I ended up with damage alright but it wasn’t from termites. The inspector checking for them drove a screwdriver into all of my baseboards and window sills! Who’ll fix that?
This unfortunately is a common problem and it can be much worse than that. For some reason there are wdo (wood destroying organism) inspectors who must think it is there right or duty to gouge your baseboards, wood trim and bang dents in your drywall in the name of termite inspecting. They may use knives, screwdrivers, awls or picks but whatever the tool is the only damage visible when they are done poking around is from them.
I’m not sure what the rules or laws are in every state but for the most part I’m sure this type of invasive probing is not in the ‘spirit’ of what is allowed. In Florida you are only suppose to pry or probe when visible evidence is present of a wdo and then only enough so you can make a positive id. Anything else is considered defacing property and besides that it is mostly unnecessary.
A visual inspection
The biggest knock on termite inspectors is they can only see about 10% or less of any structure they inspect. You can’t see through the drywall to view the studs, you’re not required or sometimes even able to move all the furniture away from the walls and even the attic with all of its exposed roof trusses has half or more of its termite food hidden by insulation. Termite inspections are meant to be visual inspections only and as such an inspector who is already limited is even more so restricted if he relies on just his vision alone.
What most states have done for this dilemma is added verbiage to their rules that allow for ‘tapping’ of wood trim and baseboards. This added language is supposed to aid the technician in his quest to find hidden damage and galleries that termites have caused by their feeding. What has happened for the most part is inspectors interpret this to mean they can beat the daylight out of your home and repeatedly stab at its exposed wood with no regard since in their mind, ‘it falls under the job description.’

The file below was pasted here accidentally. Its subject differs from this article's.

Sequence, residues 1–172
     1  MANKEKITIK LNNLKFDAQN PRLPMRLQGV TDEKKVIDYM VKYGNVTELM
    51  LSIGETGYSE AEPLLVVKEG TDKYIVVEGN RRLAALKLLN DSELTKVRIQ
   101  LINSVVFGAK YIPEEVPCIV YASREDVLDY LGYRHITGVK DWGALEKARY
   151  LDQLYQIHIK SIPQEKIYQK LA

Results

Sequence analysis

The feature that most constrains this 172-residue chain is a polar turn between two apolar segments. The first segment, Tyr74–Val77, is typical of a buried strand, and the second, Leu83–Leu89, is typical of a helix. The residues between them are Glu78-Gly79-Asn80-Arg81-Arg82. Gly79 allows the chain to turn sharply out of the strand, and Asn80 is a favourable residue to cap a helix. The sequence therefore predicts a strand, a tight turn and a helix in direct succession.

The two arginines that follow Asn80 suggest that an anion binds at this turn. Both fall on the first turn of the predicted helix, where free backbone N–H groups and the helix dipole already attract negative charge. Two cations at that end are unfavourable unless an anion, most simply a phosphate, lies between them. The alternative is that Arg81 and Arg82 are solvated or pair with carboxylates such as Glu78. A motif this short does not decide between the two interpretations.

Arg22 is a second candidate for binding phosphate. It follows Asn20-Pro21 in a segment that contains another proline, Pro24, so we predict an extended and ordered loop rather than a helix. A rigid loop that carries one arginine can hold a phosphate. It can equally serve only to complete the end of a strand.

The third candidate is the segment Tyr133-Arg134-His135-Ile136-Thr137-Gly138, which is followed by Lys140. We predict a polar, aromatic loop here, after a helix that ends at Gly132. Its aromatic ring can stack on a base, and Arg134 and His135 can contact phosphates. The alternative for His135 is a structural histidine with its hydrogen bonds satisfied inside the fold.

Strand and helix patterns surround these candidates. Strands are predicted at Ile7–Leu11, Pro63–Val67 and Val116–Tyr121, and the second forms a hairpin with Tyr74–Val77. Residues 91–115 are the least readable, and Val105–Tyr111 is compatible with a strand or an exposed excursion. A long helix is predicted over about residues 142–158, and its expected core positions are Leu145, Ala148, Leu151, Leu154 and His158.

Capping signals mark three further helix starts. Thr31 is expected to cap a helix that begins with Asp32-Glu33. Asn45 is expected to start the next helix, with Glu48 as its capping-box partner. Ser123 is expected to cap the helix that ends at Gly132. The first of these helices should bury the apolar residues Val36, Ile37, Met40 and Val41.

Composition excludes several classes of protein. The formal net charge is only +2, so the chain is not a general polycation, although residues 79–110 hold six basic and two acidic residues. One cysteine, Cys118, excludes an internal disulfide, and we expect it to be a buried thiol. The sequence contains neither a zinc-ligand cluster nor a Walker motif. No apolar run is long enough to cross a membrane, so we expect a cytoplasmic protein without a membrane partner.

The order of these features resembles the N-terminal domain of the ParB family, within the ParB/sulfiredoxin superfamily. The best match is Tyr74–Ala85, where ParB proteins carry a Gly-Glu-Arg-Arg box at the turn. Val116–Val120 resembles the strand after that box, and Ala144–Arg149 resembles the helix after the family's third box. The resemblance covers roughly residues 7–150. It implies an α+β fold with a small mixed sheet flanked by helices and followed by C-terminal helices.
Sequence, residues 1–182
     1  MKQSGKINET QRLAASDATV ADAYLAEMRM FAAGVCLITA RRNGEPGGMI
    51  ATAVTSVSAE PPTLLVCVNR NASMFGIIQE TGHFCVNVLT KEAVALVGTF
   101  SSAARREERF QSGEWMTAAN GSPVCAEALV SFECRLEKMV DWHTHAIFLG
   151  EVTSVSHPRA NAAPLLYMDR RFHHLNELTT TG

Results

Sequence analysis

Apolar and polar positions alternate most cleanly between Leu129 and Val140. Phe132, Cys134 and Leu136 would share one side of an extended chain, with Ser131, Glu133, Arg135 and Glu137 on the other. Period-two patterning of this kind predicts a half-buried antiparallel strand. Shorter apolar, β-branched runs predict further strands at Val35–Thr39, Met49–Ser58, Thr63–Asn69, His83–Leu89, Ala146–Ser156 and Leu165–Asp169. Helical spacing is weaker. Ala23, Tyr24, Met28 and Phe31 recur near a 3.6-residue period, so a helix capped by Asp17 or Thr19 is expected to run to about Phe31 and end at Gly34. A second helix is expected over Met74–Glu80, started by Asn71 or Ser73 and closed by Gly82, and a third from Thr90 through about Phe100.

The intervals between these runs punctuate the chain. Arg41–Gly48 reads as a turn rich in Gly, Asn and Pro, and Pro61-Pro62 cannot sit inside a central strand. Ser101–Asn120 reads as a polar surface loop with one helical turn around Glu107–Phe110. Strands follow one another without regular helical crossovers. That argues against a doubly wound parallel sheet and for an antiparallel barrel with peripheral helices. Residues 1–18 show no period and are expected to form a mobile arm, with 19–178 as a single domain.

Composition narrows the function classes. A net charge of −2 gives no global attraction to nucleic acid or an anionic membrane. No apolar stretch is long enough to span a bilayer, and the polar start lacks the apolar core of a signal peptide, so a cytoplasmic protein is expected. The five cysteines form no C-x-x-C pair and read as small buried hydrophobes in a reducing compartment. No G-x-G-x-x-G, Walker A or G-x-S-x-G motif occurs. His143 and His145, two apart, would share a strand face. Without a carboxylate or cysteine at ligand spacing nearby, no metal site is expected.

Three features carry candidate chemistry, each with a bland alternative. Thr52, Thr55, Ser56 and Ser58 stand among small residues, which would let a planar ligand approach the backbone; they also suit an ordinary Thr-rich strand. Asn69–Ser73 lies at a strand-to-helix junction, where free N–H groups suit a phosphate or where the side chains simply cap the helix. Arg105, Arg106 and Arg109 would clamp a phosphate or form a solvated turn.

You might think that the tapping would produce a special hollow sound and that is what the inspectors are listening for. To a point you are right, severely damaged wood does give off a hollow sound when tapped. I can even hear it at times when I’m treating with a liquid sprayer and the pin stream hitting the frail wood gives a distinct noise. What tapping really exposes however is the weak wood and the thin baseboard or trim that gives way when firmly struck. At that point an inspector is well within the definition to probe just enough to confirm or even rule out termites. In no description or modicum of common sense should it allow you to rip half the baseboard away just because of a small area of weakened wood.
Using other methods to probe
A good inspector uses more than just a screwdriver and as a matter of fact he usually uses the handle of the screwdriver for tapping and only the blade when he deems it necessary to probe. Other non invasive tools may be a moisture meter that can detect the presence of excess moisture inside the walls. Subterranean termites require about 20% moisture when they leave the soil and if they can’t find it they’ll bring it up in the form of soil. They even construct mud tubes that help them keep in the precious moisture that they need. Your hands and fingers are another excellent way to feel for abnormalities and after years of experience you can find termites with your sense of touch. I’m constantly running my hands around window and door frames feeling for bubbled paint or soft wood. A magnifying glass is a must for any inspector’s tool kit as it will allow you to see even the tiniest detail of evidence that only termites leave behind. Small picks like dental tools and a hacksaw blade for retrieving evidence from the thinnest of cracks. Termite collection devices to physically suck termites and termite evidence out of small exit holes or exposed galleries are also crucial. Bore scopes can be great but they have yet to make one small enough that also has its own light source to really be effective. I have one that can fit into a 1/16 inch hole but it doesn’t help much when all I see is black.
There are very expensive tools such as thermal imaging, listening devices, X-ray equipment and even dogs that can greatly enhance the inspection non invasively but these are out of reach for most and consumers are unwilling for the most part to pay higher prices to justify the expense.
Nothing however beats field experience regardless of the tools because without it you wouldn’t be able to know just ‘where’ to direct your efforts.
Inspections can and do involve probing and sometimes since the wood is damaged badly already or with the homeowners permission it is acceptable to ‘dig in.’ But to damage otherwise sound trim boards and cause unsightly difficult to fix and permanent marks is uncalled for.